Weekly FX – Dovish Fed a headwind for the US dollar

door: Georgette Boele , Roy Teo

The Fed’s dovish communication is acting as a headwind for the US dollar not only because the market’s anticipation that interest rates will remain low for longer, but also because inflation expectations have started to rise. This combination is a clear negative. However, we expect the Fed to shift to a more hawkish stance later in the year, which should support the dollar. Meanwhile, Scandinavian currencies came under heavy pressure as the market adjusted downwards its view on interest rates.


Inflation expectations act as a headwind for the US dollar

Investors interpreted the Fed decision, its statement and the Q&A session as re-enforcing the view that policy rates would not be going up any time soon. As such, they were perceived as having a dovish tilt. This had ramifications for the US dollar.
Emerging market currencies and high yielding currencies outperformed the US dollar since the Fed decision on 18 June.
But what we find most noteworthy is the market’s view about the inflation outlook in the US. Since the start of this week, 5y inflation expectations have risen. The recent higher than expected US inflation numbers and higher oil prices are the key factors behind this trend. However, the Fed’s dovish remarks of course did nothing to change the market perception on inflation. Indeed, inflation expectations continued to rise on Thursday. The current situation in Iraq and higher inflation expectations have hurt the US dollar, because it pushes down real yields. The question remains the question how the trend will develop. At some point in time, interest expectations will also rise mitigating the impact inflationary pressure. If the US economy continues to improve, it will be difficult for the Fed to signal that inflationary pressures are just noise. Therefore, when the Fed comes closer to achieving its dual mandate, the forward guidance will also change. In short, the perception that the Fed is behind the curve acts as a headwind for the US dollar, but we expect the Fed’s behaviour to change going forward. In particular, we expect the Fed to shift to a more hawkish stance later in the year, which should support the dollar.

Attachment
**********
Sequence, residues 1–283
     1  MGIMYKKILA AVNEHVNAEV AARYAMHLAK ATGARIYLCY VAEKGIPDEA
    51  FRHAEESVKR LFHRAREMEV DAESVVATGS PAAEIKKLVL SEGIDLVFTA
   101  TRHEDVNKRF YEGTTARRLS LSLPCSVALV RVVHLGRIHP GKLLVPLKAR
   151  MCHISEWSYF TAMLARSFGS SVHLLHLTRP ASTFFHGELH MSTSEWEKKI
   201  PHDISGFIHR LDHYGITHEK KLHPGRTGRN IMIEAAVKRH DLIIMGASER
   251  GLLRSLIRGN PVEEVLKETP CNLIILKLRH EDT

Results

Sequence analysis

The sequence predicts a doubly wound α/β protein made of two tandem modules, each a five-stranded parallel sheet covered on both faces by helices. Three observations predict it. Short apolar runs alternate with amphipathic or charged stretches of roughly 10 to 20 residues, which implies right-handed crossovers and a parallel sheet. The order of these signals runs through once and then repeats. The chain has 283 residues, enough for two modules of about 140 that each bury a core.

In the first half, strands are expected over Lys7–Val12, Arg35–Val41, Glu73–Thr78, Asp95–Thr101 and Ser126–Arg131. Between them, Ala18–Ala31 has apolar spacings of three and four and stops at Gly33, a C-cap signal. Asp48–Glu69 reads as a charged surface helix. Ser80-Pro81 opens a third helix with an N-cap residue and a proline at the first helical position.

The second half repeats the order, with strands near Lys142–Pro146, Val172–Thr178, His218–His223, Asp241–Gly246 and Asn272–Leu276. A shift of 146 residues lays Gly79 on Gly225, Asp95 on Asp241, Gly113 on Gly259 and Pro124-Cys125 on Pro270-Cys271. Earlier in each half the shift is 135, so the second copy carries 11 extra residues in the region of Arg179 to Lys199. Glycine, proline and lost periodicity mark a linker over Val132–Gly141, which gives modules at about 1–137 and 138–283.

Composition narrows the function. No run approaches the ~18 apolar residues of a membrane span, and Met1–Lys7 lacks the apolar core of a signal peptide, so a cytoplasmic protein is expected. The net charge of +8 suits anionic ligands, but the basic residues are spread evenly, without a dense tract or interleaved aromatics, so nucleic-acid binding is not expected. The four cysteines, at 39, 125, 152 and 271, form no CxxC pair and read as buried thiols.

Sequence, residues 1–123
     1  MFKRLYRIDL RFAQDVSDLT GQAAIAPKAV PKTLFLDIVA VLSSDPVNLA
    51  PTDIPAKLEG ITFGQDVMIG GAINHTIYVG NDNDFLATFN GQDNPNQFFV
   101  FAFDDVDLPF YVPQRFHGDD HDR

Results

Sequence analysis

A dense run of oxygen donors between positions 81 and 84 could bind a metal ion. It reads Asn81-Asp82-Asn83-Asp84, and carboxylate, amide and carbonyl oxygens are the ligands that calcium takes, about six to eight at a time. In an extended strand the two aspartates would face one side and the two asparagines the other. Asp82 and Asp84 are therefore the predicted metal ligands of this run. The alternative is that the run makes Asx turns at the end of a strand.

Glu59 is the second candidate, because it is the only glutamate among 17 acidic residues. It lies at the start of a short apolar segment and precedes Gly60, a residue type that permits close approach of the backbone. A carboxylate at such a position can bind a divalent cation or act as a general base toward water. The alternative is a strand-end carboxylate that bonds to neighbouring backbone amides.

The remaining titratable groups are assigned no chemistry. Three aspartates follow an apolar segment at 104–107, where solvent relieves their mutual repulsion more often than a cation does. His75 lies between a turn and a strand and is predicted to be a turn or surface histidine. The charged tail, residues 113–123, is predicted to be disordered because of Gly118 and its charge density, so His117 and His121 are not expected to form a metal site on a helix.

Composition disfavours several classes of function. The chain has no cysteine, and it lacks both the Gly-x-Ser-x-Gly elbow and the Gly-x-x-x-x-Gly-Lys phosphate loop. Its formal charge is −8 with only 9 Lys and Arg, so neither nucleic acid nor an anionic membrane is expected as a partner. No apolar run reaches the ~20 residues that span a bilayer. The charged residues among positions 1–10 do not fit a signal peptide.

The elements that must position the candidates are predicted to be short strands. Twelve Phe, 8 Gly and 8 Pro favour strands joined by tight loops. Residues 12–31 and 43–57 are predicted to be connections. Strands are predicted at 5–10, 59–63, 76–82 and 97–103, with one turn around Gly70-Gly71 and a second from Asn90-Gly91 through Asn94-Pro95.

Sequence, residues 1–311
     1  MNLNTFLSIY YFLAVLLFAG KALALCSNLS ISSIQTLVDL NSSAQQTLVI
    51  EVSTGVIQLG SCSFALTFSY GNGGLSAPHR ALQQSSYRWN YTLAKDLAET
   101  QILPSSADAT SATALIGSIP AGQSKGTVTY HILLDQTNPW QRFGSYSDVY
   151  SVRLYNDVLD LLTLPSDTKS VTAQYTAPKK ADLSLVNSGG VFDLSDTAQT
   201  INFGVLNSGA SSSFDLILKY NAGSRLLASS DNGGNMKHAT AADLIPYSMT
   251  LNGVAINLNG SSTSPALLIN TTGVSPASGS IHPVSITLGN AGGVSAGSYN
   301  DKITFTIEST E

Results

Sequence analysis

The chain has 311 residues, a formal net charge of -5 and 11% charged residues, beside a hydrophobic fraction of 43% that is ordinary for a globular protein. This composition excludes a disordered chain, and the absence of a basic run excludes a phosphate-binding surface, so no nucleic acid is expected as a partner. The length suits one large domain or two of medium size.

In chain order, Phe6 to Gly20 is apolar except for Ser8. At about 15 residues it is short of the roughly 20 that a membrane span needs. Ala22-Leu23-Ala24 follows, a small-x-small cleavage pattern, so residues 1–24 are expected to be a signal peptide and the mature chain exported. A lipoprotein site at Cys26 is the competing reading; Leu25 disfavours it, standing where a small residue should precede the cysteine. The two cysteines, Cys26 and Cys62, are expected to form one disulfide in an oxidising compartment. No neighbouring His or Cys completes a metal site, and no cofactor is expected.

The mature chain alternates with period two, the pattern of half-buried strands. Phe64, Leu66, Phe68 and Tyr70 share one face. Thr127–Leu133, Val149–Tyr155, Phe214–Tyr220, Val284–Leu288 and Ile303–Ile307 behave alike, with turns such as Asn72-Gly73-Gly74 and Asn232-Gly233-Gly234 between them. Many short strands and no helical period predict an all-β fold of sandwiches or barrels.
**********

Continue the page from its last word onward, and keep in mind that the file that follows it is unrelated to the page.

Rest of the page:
Scandinavian currencies were out of favour

In general, currency markets had a relatively quiet week last week with the exception of Scandinavian currencies. On Thursday, the Norges bank left interest rates unchanged, but signalled that interest rates could be cut if the economy weakens further. This came as a complete surprise to the market. Therefore, the Norwegian crown came under heavy pressure. On Friday, the currency stabilised somewhat. This news also added pressure on the Swedish krona, despite the stronger than expected Swedish economic data last week. This is somewhat surprising as the market has fully anticipated a 25bp rate reduction by the Riksbank this year. The Riksbank will meet on 3 July and the market is currently positioned for this 25bp rate reduction (see graph). However, with this fully being reflected in the price we continue to believe that the Swedish krona will recover strongly eventually if the global economy and investor sentiment continue to improve in line with our view.



Sentiment on emerging market currencies improved during the week

Emerging market currencies underperformed the US dollar last week, but they recovered after the FOMC meeting, because of its dovish stance. The Indonesian rupiah (IDR), Indian rupee (INR) and Turkish lira (TRY) underperformed due to higher oil prices and the conflict in Iraq (in the case of TRY). It is likely that a higher oil price results in a deterioration in the trade balance and inflation outlook for these countries. Moreover, such development would be a negative for the fiscal outlook, because they have oil deficits and provide fuel subsidies (India and Indonesia). However, as we do not expect a sharp sustainable rise in oil prices, we believe that downward pressure on these currencies due to high oil prices is likely to be temporary. Losses in the INR were limited due to suspected market intervention by the central bank.